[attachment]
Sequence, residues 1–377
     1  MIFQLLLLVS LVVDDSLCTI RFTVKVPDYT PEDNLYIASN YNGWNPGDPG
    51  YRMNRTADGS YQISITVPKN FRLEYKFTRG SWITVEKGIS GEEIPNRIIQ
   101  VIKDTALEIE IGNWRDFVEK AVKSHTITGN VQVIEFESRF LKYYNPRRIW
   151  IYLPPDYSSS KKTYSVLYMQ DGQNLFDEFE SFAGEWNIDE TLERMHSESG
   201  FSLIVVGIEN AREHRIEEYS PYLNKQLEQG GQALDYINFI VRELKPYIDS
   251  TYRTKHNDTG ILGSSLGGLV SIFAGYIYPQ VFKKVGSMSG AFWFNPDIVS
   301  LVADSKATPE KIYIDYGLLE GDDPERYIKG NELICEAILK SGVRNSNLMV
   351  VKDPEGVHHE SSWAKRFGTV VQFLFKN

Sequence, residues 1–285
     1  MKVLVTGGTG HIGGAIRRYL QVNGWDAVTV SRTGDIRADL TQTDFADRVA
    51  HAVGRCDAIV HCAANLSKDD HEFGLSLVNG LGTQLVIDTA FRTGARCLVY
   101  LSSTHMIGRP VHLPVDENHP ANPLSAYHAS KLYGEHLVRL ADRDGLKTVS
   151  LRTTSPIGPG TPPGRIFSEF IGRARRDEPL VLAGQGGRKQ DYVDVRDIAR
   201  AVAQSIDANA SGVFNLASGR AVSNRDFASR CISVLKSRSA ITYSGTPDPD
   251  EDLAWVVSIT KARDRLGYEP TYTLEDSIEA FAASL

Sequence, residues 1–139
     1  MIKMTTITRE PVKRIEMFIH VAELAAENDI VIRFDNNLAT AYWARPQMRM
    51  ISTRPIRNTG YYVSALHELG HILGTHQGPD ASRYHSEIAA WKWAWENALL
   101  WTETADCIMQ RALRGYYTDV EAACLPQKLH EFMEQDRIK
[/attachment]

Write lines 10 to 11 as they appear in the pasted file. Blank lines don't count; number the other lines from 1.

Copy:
Sequence, residues 1–285
     1  MKVLVTGGTG HIGGAIRRYL QVNGWDAVTV SRTGDIRADL TQTDFADRVA